No matter how close we are to another person, few human relationships are as free from strife, disagreement and frustration as is the relationship you have with a good dog. Few human beings give of themselves to another as a dog gives of itself
~ Dean Koontz
I had no business saying, ‘YES.’ We already had two canine kids – a boxer we rescued and a seven-year-old dachshund who was still angry we had disrupted her life with a large and hyper giant.
But, I couldn’t leave this 6-week-old injured puppy at the veterinarian’s office after they called me to see if I could offer her a safe home.
When I first met the dapple dachshund, she had two drainage tubes, multiple stitches and a tail that was broken in 2 places. She was nothing less than pitiful – yet, adorable as little creatures with pink paws and puppy breath are.
While being raised in a puppy mill, she had ended up in the middle of two adult dogs fighting over food. The breeder abandoned her at the vet’s office after being told she would never be able to have puppies.
I’m not sure I had even left the premises before I was calling my then-husband to plea the case for a third dog. It was a petition that needed no more evidence than a hand to paw meeting.
But, my little Gretchen had a three-week stay at the animal hospital before she could come to her new home. I visited her almost every day and the innocent puppy, once betrayed, gradually allowed herself to experience devotion, dedication and loyalty.
Her allegiance was with me, when four months later, I was separated and divorced. I kept Gertie Mae and Gretchen, the dachshunds, and the boxer left with the husband. It was a sad parting for us all.
Those pups were my healing when I didn’t see the possibility of restoration. They sat with me through the tears, angst, and doubts of my loneliness. They unknowingly mended my brokenness with their faithfulness.
Occasionally, I would meet someone who understood the saving grace Gertie and Gretchen extended to me. The girls were a good test of character – better than any psychological evaluation I could complete.
After almost five of years of living single, I met and married The Engineer. He was dachshund-approved even though we agreed on a ‘no-kid, no-dog in our bed’ policy.
Gretchen was spunky and sneaky. She would be the one to find – and taste – things in our 60-year-old home that had gone unnoticed for decades. A couple of after-hours vet calls taught me that hydrogen-peroxide ingested via a syringe would quickly produce evidence of what “treasures” she had found.
She chewed through plenty of cloth bags and plastic containers for items most would consider inedible. Gretchen seemed to have a stomach of steel and a determination of survival, which she had learned as that helpless young pup in the midst of an adult dog brawl she almost lost.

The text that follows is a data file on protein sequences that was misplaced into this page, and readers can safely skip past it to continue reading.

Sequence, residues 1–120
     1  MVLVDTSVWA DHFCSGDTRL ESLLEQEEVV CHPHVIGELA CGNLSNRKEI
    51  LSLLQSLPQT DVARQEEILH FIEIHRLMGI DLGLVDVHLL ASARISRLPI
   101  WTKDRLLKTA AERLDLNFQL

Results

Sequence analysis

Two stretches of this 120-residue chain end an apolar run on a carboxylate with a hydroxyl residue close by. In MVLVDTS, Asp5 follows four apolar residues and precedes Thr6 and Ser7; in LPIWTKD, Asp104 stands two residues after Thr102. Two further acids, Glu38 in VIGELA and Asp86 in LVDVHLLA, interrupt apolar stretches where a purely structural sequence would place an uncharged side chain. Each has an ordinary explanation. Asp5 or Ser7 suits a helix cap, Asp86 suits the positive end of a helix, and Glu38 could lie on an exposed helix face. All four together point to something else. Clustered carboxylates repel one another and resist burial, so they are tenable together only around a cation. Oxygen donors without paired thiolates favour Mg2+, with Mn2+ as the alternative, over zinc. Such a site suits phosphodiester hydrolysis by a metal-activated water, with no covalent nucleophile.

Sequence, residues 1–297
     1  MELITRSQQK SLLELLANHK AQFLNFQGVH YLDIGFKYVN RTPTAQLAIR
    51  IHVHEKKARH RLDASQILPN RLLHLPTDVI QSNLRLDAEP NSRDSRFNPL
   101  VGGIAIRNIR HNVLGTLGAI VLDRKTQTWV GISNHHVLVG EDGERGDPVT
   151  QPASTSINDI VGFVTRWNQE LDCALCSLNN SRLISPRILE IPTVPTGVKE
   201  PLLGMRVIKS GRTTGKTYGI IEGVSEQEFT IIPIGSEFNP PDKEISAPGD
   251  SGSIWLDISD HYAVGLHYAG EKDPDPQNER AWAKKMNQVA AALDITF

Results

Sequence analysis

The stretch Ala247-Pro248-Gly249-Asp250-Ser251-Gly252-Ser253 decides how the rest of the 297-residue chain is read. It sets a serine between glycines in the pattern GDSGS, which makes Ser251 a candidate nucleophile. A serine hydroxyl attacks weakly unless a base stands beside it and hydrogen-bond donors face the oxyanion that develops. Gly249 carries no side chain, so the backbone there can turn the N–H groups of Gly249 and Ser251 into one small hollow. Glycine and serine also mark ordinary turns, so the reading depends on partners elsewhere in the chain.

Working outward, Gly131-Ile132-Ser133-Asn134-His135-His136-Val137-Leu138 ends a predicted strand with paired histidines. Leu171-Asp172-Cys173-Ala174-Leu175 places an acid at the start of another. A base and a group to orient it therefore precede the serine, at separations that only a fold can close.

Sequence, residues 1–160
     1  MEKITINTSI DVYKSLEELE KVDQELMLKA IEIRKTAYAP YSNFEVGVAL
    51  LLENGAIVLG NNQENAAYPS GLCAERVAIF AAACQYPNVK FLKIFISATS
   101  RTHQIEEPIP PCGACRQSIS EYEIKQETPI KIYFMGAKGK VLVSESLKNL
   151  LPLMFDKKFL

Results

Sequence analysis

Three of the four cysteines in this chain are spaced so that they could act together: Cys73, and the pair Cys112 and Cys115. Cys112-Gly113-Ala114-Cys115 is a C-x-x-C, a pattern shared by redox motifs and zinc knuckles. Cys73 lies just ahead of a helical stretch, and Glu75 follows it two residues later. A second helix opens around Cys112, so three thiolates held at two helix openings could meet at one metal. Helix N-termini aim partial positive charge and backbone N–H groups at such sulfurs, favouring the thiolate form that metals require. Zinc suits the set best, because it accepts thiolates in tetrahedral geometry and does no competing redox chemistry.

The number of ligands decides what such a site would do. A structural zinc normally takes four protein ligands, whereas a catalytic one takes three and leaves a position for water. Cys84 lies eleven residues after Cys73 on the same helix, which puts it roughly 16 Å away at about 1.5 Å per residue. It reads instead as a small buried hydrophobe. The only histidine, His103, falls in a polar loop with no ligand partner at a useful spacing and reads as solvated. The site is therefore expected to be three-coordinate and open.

Gretchen seemed to age quickly following Gertie Mae’s tragic and unexpected death in 2010. She was obviously depressed and who isn’t cheered up with a new puppy? We adopted a five-month-old long-haired male dachshund and named him Hansel.
Gretchen was not amused.
To ensure Gretchen felt loved, appreciated and remained Queen of her domain – The Engineer established a morning ritual. Gretchen would be delivered with my coffee for snuggles.
She became my writing partner. Gretchen was more patient with my writer’s block than I was. I often had to coax her out of the burrow she created beside me every morning.
Gretchen was constant and persistent in her love and protection of me. She snapped at The Engineer more than once when would try to pick her up if the writing and snuggles were not completed.
Hansel adored his older sister and would dote on her and engage her in play as much as possible. The love was obviously mutual – most of the time.
Gretchen would occasionally vie for our attention with a limp or refusal to eat. We would obediently take her to the vet, rarely coming home with any diagnosis. The prescribed remedy typically included more intentional attention from these busy humans. It was always a good reminder for us to slow down.
Last week, when Gretchen turned her nose up to the gourmet, grain-free, gluten-free beef-stew canine meals, we assumed it was due to the true chaos in our home as we began a huge demolition and renovation project in our home’s main living area.
When she decided to stay in her crate one day, we thought maybe she was experiencing some pain from assumed arthritis. We couldn’t seem to convince Gretchen that jumping from the back of the couch onto hardwood flooring to greet us was not necessary nor good for her back.
However, by Friday, it was obvious that Gretchen was truly not feeling well and a visit to the vet was warranted. Kidney failure was not the diagnosis we expected. And 48 hours of obvious suffering was heartbreaking to see.
Our family rules were broken and Gretchen was beside me every waking and sleeping moment…just as she had been by my side 11 years earlier through my emotional suffering.
We allowed Gretchen to join Gertie Mae in that amazing Dog Heaven on Monday morning. We know and believe Gretchen is running, chasing squirrels and eating whatever she finds with no belly aches to follow.
Thank you, sweet Gretchen for your unconditional love. I didn't rescue you - you rescued me.
Believe. Create. Live.
© 2014 Rebecca G. Townsend
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